The Art-Gallery

The Proofs


NP-Hardness for Polygons with Holes

The proof will consist of a reduction from 3SAT. Recall the definition:
Instance: Set U of variables, a collection C of clauses over U such that each clause c in C has size exactly 3.
Question: Is there a truth assignment for U satisfying C?

We introduce the problem:
Minimum Star (or Guard) Cover of a Polygon with Holes (StarCH)
Instance: A set of lists of vertices representing a polygonal region P and a positive integer bound K.
Question: Is there a cover of P with K or fewer star subsets of P, i.e., do there exist star polygons S1, S2, S3, ..., Sk with k less than K such that their union is P?

Claim: StarCH is NP-hard
For each literal in U, we create a repetitive staircase pattern with only two possible minimum star covers (Fig 1-a). One cover will be associated to true and one to false (Fig 1-b,c).

Fig 1-a: Polygon to represent a literal.

Fig 1: a) The polygon cover corresponding to true and b) the one corresponding to false

The dots and numbers associated with them are not part of the construction. They are needed for the purposes of the proof. Note that two points are covered by one star-polygon if and only if they are consecutive numbers.

These staircases will be bent to form closed loops. There will be one loop for every variable in the formula. This represents the choice of xi or its negation. Before we continue, let us show that we can form these loops.

Claim: The variable loops can be bent 45o without altering their properties.
See Figure 2 below.

Fig 2: A loop bending 45o without losing any properties

It is not hard to see that applying many such bends will form a loop suitable for our purposes. Next we address the fact that we need to cross some variable loops, again, without altering their coverage properties.

Claim: Two variable loops may cross without affecting the numbers of star polygons in their minimum coverage nor their true/false assignment.

Fig 3: 2-loop Crossover

Refer to figure 3. Most cases are trivial except for the one where i and j in the figure could be covered by one star polygon. To avoid this, we can arrange it so that each crossover occurs where i and j are both odd, ensuring this case never arrises.

Examine the region Q where the crossing occurs. It must contain exactly one of the numbered points from each of the two variable loops. Both of these are odd by our construction. Since no star polygon can contain more than one even numbered point in our staircase structure, and since there are K even distinguished points, every cover must contain K stars to cover those even points. So if a cover also includes Q (and possibly other crossings like Q) then it must have more than K elements.

Now we address the clauses and their role. We will add isoceles triangles at corners of the variable loops. The triangles will be covered for free by a star polygon by only one of the two possible truth assignments. An example is shown in Fig 4.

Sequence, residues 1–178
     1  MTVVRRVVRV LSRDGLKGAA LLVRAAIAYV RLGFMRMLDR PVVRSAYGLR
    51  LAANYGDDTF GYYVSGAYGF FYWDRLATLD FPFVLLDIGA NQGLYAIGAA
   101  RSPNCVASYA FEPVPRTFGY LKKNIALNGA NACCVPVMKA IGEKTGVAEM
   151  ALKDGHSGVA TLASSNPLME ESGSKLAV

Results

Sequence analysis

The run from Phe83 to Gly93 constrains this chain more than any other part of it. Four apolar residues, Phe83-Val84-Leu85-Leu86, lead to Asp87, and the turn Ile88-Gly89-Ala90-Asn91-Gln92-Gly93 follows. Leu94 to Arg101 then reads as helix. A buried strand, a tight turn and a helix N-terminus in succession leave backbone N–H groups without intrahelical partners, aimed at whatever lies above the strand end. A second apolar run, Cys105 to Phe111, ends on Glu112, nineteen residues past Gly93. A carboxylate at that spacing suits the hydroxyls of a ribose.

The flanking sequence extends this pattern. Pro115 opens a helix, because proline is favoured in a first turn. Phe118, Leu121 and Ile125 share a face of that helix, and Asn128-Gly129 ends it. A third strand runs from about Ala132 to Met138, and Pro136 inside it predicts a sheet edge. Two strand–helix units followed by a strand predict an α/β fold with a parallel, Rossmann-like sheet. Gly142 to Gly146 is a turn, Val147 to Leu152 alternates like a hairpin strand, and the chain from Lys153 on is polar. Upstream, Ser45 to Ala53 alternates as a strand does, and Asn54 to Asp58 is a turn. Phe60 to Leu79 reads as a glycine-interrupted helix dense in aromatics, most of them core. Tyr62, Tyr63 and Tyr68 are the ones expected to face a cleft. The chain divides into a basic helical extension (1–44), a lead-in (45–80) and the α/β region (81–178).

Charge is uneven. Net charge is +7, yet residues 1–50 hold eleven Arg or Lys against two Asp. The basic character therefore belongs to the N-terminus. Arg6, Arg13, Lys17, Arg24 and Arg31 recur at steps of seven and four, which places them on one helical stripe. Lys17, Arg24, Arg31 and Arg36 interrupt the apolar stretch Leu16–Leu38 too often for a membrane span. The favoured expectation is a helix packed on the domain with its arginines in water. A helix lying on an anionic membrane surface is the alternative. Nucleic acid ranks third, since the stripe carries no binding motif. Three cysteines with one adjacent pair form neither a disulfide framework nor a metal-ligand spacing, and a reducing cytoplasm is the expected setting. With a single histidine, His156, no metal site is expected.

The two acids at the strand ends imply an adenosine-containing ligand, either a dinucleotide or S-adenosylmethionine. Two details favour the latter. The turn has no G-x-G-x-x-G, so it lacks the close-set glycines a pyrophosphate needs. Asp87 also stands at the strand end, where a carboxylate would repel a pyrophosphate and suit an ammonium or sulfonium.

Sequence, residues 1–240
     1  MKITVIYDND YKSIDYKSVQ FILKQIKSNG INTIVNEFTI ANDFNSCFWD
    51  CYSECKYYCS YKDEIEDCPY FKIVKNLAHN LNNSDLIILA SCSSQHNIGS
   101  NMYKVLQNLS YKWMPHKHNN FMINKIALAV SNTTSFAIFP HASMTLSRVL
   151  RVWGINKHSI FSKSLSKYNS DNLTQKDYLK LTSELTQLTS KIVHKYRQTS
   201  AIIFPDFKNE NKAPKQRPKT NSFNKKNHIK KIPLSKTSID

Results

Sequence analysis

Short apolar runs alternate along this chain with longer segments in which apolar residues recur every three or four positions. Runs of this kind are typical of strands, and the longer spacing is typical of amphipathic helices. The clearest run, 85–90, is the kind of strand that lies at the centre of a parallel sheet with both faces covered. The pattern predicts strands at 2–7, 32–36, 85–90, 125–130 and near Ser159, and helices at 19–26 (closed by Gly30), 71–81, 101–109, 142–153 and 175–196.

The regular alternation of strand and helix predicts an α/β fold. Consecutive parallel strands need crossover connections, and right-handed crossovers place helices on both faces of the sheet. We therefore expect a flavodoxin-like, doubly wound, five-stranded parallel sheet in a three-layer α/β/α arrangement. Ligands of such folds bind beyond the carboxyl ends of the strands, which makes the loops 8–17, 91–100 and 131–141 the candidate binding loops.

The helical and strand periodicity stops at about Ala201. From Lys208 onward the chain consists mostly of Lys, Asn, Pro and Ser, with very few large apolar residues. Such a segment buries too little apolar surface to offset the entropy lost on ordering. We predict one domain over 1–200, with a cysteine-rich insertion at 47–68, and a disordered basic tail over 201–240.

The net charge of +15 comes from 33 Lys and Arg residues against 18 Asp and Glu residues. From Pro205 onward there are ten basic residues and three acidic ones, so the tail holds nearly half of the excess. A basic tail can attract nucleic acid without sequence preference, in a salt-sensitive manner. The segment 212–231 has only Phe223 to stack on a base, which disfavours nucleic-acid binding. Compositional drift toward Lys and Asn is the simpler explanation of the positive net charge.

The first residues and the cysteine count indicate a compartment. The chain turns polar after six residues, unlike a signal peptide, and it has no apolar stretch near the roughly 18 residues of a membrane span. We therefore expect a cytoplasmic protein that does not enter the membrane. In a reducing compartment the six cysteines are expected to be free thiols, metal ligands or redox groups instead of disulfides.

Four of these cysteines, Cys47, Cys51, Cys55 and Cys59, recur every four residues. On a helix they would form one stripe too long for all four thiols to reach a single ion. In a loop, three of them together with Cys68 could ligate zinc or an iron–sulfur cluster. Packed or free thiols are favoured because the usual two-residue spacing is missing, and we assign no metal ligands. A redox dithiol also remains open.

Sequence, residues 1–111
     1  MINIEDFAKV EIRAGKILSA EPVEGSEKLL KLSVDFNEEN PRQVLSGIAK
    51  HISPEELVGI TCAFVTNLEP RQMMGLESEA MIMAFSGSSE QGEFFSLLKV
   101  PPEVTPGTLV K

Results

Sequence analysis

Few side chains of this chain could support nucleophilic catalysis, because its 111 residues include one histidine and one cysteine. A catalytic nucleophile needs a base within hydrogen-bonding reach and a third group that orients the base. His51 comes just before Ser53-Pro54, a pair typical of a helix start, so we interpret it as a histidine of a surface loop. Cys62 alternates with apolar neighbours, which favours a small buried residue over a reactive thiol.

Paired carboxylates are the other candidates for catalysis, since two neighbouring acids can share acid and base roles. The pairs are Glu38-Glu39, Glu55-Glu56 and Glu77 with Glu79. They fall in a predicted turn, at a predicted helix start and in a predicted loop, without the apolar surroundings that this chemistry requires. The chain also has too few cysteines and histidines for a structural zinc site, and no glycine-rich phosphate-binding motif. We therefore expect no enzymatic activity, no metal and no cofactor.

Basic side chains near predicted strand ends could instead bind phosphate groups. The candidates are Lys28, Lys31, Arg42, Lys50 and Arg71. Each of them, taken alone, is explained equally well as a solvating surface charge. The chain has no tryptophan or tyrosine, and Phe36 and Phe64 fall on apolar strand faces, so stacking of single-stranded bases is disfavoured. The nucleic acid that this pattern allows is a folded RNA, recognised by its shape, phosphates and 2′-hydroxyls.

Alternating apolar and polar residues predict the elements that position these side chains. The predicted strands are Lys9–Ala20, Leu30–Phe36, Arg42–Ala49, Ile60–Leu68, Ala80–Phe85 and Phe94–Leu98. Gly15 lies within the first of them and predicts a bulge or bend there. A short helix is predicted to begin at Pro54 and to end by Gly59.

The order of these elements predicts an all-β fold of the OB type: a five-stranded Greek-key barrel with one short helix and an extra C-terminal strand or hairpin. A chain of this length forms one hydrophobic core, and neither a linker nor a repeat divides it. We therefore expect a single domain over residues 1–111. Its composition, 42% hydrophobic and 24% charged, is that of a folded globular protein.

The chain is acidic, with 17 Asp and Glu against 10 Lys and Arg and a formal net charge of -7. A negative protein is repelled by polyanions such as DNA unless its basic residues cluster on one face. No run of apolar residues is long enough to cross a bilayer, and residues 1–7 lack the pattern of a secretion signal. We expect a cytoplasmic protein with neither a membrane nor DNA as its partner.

Fig 4: A variable loop with an added isosceles triangle guardable for free by only one assignment

Fig 5: Triangular regions combined to create a clause junction

We expand on this in figure 5 and turn those triangles into clause junctions. The center triangle can be covered for free if the clause is satisfied and remains uncovered if not. Also, the junction does not effect the coverage properties of the variable loops.

Overall, our polygon will resemble something like what is in figure 6. Namely, literal loops turning to hit clause triangles crossing others at odd distinguished regions only.

Fig 6: The final polygon configuration as seen from afar

Finally, if r is the number of numbered points in a variable loop, the number of star polygons needed to cover that loop is r/2. So the sum of the r/2's over all variable loops will be our K.

The specified construction will require no more than O(m) bends, O(mn) crossovers and O(m) clause junctions where m is the number of clauses and n is the number of variables. So this construction is polytime. We see that for any satisfying assignment to the boolean formula, we can choose the corresponding star cover of each variable loop. Since we know that each clause is satisfied, all the clause triangles are covered by construction. So it must be that the polygon we contructed has a star cover of the appropriate number.

Assume there is star cover of the appropriate size for the constructed polygon. Then it must be that for each variable loop we've chosen one of the two possible star covers since they are the only way to cover the loops. Since there is a star cover, there must be a way to choose the variable loop covers such that the clause triangles are covered. So, we choose the variable cover's corresponding true/false value to be our variable assignment. We know that it must satisfy the formula since all the clause junctions were covered.

So we can now conclude that the StarCH problem is NP-hard.